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Workers' Rights in a Global Economy

11 Apr 2016, 08:28 AM

Notes on Chapter 5

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5.1 . Forms of Informal and Precarious Work

  1. Forms of employment that differ from the “Standard employment relationship”: informal work, atypical work, vulnerable work, marginalised work, etc.
  2. Standard Employment or “typical wage job”: a. Permanent b. Fulltime c. Clearly defined Employer d. Work performed at workplace owned by the employer
  3. The definition of ‘informal economy ‘ has been expanded to include all workers in unprotected employment relationships, which could include both unregistered and formal enterprises and self-employed workers.
  4. Huge diversity of workers procuring jobs outside the standard jobs
  5. Focus of Unions/scholars has been, until the last decade, on the employers who push workers into non-standard employment through sub-contracting or redefining workers as ‘independent contractors’.
  6. “Precarisation from above”: Vulnerable work created by employers who want to avoid their legal obligations.
  7. “Precarisation from below”: The informal sector Larger workforce in ‘vulnerable’ jobs where vulnerability is not directly created by employers- street vendors, hawkers, domestic workers, taxi drivers, etc. All of these employments are extremely vulnerable but either there is no employer, i.e. self-employment, or the employer-employee relationship differs greatly, ex. Home-based workers. This is caused by a combination of employers who try avoiding the law as well as the large number of workers unable to find employment within the standard employment and are forced to carve out their livelihood outside the formal labour market.
  8. Informal workers are often paid very low wages and have to pool other resources to gain a livelihood: a. Remittances from employed relatives b. Government grants and subsidies c. Access to land
  9. Informal workers face issues different from other precarious workers, in organising, making collective demands and accessing rights, primarily due to a lack of clear employment relationship. Demands are thus often directed at the state. They are also more politicised and extend beyond traditional labour concerns and includes broader livelihood concerns. Thus, scholars debate: a. Whether and how they can be integrated into existing labour unions and movements b. If they can be accommodated under the existing legal framework that governs standard employment

5.2 Access to Rights for Workers in the Informal Economy
[Additional Interview with Jayanti Ghosh, JNU]
1. Access to rights for workers in the informal economy is much more complex than for the workers in the formal economy due to the differences in the ‘work relations’.
2. Several workers are self-employed, ex. Street vendors whose rights include
a. Space
b. Credit.
3. Other workers have employers but not a single clear one: ex. Casual workers and agricultural workers whose rights include:
a. A decent daily wage
b. Regular Employment
c. Social Security
4. Many workers are not visible
a. Home based workers: mostly women, in stitching/food processing, etc. for contractors or direct sale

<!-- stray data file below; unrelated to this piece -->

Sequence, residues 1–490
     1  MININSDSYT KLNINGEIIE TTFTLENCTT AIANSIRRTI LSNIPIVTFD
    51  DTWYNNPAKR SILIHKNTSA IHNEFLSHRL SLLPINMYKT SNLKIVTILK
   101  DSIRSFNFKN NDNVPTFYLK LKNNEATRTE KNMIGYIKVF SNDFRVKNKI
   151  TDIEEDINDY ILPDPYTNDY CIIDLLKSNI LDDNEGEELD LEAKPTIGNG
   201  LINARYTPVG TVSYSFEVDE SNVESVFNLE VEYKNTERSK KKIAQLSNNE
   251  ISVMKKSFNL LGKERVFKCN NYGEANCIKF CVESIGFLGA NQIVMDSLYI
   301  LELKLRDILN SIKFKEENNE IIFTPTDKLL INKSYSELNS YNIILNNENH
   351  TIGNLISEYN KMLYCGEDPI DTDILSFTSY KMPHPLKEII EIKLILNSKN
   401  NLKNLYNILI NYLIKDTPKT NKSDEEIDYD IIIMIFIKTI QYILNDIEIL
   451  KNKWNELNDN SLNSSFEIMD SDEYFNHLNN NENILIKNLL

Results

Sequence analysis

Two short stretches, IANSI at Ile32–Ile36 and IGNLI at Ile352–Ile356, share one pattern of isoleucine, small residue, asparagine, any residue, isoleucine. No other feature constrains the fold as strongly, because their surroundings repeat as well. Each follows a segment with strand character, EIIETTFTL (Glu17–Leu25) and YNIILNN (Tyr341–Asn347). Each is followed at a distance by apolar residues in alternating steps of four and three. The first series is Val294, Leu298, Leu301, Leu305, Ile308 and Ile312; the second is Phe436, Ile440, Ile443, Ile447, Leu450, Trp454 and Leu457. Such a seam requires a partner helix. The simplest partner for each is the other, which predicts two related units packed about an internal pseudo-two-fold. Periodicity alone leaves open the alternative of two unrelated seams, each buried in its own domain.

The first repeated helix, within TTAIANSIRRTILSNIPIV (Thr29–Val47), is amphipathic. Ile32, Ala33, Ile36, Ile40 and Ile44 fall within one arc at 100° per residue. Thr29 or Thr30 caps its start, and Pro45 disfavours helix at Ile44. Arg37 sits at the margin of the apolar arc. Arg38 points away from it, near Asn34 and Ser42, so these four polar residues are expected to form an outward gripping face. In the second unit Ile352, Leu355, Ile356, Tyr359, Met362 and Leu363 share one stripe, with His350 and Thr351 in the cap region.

b. Domestic workers: not even recognised
5. Tools to access rights are the same:
a. Organising
b. Bargaining
c. Policy Advocacy
6. Methods are different:
a. Bargaining partners:
i. Street vendors: city authority, which is generally more difficult.
b. Organising:
i. Home-based workers, etc.
7. Rights cannot be separated narrowly
a. Depends on each worker and their individual priorities:
Ex.: Migrant worker needs right to decent living conditions and rights as a ciizen just as much as a minimum wage
b. SEWA: Self-Employed Working Women’s Association
i. 2 million members in India
ii. Organised by looking at the whole lifecycle needs: the women express their needs in the forum of the union and this has led to the establishment of a bank, an insurance company and several cooperatives in order to allow the women to access the rights.

5.3 Examples and Definition of Precarious Work
-Peter Rossman: International Union of Food, Agriculture, Hotel, Restaurant, Catering, Tobacco and Allied Workers’ Association [IUF]
[One pdf: Moving from precarious employment to decent work[…] not able to view/download]
Memphis, Tenessee, USA: Kelloggs
1. Lock out since October 22, 2015
2. Resistance to all new employment being
a. on ‘0 hour contracts’, i.e. No guaranteed hours
b. Inferior wages and benefits
Mondelez: Cadbury factory in Pakistan [successor to former Kraft Foods, bought cadbury, third largest food company]
3. Two years
4. ~700 employees but only 49 have permanent contracts
5. Rest are daily/monthly workers with no job security
6. Not enrolled in state mandated social security and pension funds.
7. Union of permanent workers have been agitating for two years to give ~200 workers permanent contracts so they can join the union
8. Company says it is not just impossible but ‘illegal’ to do so.
What is precarious work
9. Term rejected by employers
10. Argument: precarious is better than no jobs at all.
11. ILO’s standard employment relationship Negated by precarious work:
a. Full time work No guaranteed/specified/regular hours

b. Under a contract of employment

c. For unlimited duration/open contract Fixed/limited duration
d. Single employer Multiple/disguised employers
e. Protection against unjustified dismissal No protection from dismissal